You could point to Saltalamacchia's .372 BABIP and assume he'll fall back to pre-2013 levels, and there may be some truth to that, but Magic BABIP Wand-waving is lazy and unfair. Salty was known to sell out for power prior to last summer, but he showed better pitch recognition in 2013, especially in the second half. The result was less power than usual, but his average and doubles climbed, inflating his on-base percentage. He still struck out constantly, but cut it from one-third of the time in the season's first half to 24 percent in the second. If he can hold on to some of those gains, he should survive whatever BABIP drop may be in the offing. If not, the Marlins signed him cheaply enough that it barely matters.
P: Jose Fernandez
2013: 20-12 | 172 IP | 187 SO | 58 BB | 2.19 ERA | 0.98 WHIP | 2.8 WARP
2014: 21-9 | 141 IP | 152 SO | 45 BB | 2.38 ERA | 1.05 WHIP | 3.6 WARP
As Sam Miller wrote on Baseball Prospectus this year, "a team that won 31 percent of its games with any other starter won 64 percent of its games when Fernandez started. When he was on the mound, a 110-loss team became a 100-win team." Brought up to the majors after not throwing a pitch above Single-A (and few even at that level), Fernandez arrived packing a 99 mph four-seamer and two plus off-speed offerings. He showed the ability to absolutely dominate—in consecutive starts around the trade deadline, he struck out a total of 27 and walked one, with 40 swinging strikes—and the ability to avoid big innings, allowing more than three runs in just three starts. He had a 1.50 ERA in his final 18 starts, and the second-best ERA+ in history by a starter younger than 21. That sick anxiety you have about him getting injured because every pitcher does? We all have it.
1B: Ryan Howard
2013: .266/.319/.465 | 11 HR | 43 RBI | 0 SB | 0.6 WARP
2014: .251/.328/.472 | 15 HR | 44 RBI | 1 SB | 1.0 WARP
We told you so.
P: Cliff Lee
2013: 14-8 | 222 IP | 222 SO | 32 BB | 2.87 ERA | 1.01 WHIP | 3.7 WARP
2014: 12-9 | 189 IP | 176 SO | 26 BB | 3.02 ERA | 1.04 WHIP | 3.4 WARP
Lee's strike rate is always around 71 percent, as it was last year; his swinging strike rate is always around 14 percent, as it was last year; his FIP is always around 2.80, as it was last year. But for all that consistency, Lee will occasionally rip off a few weeks that stand out. In September, he struck out 54 and walked one in 39 innings, spanning five starts. Overall in 2013, he went at least eight innings in 13 of 31 starts, topping Clayton Kershaw's 12 and Adam Wainwright's 10 for most in baseball. Lee, who has two years remaining on his five-year deal with the Phillies, told local media in September that he'll retire at the end of that contract. That will make it even harder for the Phillies to acknowledge that he might have the most value to them as trade bait.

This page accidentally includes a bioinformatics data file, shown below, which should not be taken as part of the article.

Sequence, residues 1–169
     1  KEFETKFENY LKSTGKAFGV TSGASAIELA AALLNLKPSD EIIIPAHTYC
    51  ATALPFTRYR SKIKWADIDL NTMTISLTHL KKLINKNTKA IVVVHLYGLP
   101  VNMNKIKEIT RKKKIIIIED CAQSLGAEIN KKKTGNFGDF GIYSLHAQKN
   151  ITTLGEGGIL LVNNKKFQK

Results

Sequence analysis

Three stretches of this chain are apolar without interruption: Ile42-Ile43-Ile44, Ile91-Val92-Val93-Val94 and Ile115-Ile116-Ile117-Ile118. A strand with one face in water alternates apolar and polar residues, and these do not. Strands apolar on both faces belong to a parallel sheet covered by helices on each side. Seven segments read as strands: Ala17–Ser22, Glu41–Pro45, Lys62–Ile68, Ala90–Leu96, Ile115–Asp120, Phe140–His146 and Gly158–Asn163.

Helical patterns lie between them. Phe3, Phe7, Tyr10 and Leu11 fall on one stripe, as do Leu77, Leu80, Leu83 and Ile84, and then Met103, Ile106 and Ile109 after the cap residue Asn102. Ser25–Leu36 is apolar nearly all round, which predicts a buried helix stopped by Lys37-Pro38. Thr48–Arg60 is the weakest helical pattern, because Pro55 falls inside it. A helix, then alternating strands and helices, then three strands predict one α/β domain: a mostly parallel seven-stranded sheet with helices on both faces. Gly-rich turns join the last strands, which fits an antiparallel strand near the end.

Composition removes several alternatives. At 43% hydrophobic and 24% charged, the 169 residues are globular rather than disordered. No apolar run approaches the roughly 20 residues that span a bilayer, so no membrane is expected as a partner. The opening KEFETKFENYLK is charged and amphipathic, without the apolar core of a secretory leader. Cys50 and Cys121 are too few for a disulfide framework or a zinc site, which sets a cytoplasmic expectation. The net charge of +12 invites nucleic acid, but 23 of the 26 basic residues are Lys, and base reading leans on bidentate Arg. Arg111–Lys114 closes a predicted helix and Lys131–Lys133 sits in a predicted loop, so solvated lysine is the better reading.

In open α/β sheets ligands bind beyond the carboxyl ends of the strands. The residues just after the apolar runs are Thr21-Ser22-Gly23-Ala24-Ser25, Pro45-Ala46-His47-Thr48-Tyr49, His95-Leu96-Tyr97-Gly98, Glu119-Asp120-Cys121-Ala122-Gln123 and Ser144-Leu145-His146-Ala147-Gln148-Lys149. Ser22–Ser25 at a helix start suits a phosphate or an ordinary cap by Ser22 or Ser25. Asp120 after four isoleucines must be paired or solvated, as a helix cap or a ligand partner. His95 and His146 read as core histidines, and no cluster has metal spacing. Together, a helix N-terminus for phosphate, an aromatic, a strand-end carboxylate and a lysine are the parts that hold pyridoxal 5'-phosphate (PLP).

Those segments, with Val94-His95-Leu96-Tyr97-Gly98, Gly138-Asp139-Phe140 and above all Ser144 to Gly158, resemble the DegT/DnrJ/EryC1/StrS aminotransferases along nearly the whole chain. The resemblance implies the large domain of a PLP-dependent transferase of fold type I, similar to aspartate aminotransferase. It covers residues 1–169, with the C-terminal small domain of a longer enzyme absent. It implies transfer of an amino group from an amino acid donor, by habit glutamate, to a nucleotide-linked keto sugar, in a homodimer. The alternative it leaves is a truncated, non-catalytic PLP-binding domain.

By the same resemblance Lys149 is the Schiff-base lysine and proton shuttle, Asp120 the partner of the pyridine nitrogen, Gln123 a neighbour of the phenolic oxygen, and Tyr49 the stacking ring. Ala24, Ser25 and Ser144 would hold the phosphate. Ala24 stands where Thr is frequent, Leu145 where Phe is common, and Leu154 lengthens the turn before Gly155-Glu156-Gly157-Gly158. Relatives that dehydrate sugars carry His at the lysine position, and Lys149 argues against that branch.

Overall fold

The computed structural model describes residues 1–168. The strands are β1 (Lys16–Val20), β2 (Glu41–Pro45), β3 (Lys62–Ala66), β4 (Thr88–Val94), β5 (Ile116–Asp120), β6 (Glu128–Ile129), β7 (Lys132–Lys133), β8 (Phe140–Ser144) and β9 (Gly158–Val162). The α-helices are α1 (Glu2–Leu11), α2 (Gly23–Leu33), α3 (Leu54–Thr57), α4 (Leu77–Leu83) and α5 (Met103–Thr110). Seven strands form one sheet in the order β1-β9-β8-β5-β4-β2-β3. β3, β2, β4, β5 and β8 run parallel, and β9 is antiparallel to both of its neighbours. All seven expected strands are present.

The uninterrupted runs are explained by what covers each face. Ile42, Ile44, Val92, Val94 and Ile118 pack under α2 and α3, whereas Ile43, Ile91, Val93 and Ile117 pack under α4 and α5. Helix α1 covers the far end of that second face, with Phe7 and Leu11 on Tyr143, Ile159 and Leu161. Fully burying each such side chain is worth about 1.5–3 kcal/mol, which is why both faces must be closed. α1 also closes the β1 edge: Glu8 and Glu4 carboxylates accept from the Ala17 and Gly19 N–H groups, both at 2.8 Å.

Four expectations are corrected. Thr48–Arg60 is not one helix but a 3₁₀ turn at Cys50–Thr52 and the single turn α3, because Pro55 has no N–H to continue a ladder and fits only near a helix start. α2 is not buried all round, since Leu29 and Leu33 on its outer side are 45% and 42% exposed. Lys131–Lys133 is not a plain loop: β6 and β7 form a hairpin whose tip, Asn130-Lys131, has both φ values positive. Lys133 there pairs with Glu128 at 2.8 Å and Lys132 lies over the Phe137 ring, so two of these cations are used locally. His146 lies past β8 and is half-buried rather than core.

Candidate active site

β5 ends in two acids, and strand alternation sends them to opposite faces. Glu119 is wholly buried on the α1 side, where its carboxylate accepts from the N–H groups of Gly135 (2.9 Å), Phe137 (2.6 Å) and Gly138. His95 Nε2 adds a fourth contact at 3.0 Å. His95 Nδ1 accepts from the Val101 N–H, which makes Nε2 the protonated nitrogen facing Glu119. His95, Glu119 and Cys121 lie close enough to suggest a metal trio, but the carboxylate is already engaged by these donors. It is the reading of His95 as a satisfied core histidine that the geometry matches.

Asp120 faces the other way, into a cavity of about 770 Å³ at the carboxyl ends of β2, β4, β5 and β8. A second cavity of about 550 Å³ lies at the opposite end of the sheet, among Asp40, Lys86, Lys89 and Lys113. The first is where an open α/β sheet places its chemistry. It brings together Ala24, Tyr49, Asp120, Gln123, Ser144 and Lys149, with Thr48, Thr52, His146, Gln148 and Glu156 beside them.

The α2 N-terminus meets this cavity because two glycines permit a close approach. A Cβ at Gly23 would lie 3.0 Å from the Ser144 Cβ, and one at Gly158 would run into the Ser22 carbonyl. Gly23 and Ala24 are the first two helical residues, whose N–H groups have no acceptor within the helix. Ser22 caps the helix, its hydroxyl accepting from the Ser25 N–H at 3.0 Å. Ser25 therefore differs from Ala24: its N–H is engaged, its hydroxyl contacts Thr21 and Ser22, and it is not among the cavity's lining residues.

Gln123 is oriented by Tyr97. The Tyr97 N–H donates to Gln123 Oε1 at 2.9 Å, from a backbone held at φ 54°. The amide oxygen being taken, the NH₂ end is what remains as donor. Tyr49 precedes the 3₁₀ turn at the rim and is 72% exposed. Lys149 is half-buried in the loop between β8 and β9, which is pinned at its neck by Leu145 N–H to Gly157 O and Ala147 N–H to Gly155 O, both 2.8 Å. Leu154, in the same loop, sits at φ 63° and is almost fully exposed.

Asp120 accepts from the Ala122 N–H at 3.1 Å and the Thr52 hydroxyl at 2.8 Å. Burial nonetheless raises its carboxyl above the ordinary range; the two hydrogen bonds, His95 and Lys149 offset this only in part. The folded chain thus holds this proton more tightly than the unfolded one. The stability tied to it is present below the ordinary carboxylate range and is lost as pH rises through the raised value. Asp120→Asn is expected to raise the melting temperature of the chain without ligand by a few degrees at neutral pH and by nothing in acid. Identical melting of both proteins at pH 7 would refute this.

SS: Starlin Castro
2013: .245/.284/.347 | 10 HR | 44 RBI | 9 SB | 0.0 WARP
2014: .279/.318/.405 | 11 HR | 60 RBI | 16 SB | 3.1 WARP
Square peg, meet round hole. The Cubs spent much of last season trying to temper Castro's see-ball, hit-ball approach in favor of a more selective aggression, with disastrous results. The evidence is mixed on whether the organization's tinkering led to Castro's struggles at the plate—after all, his best stretch of the season was during a .292/.339/.442 July when he saw significantly more pitches per plate appearance (4.12) than at any point in his career—but that doesn't matter. Castro clearly believed it did, and seemed more at ease when he resumed his free-swinging ways down the stretch. Still only 24, a comfortable Castro is capable of batting .300 with adequate (if occasionally unfocused) shortstop defense, few walks and above-average power for the position. That's a tremendously valuable player, even if his low on-base percentage keeps him from being a table-setter. This season will go a long way toward determining if Castro becomes a long-term cog or a cautionary tale.
P: Jeff Samardzija
2013: 8-13 | 213 IP | 214 SO | 78 BB | 4.34 ERA | 1.35 WHIP | 2.4 WARP
2014: 8-8 | 176 IP | 164 SO | 69 BB | 3.99 ERA | 1.28 WHIP | 1.0 WARP
Context is an interesting thing. Only several years removed from serving as a cautionary baseball punchline, Samardzija just completed his second quality season at the top of the Cubs' rotation, worked 200 innings, struck out 200 batters and ranked 13th among National League pitchers in WARP—yet many view his season as a disappointment, since he didn't turn into a "true ace." On the other hand, if you consider this a consolidation season for Samardzija, one in which he proved that his first season as a productive starter wasn't a fluke, and that his half-decade of flailing in the minors or in middle relief are irrevocably over, then it's hard to view this as anything but a triumph. Much like Edwin Jackson, Shark's inflated ERA isn't as bad as it looks and will likely go down this year. He's a solid second starter, and while that's not an ace, who would have thought it possible five years ago?
CF: Billy Hamilton
2013: .368.429/.474 | 0 HR | 1 RBI | 13 SB | 0.5 WARP
2014: .247/.305/.342 | 3 HR | 15 RBI | 38 SB | 1.5 WARP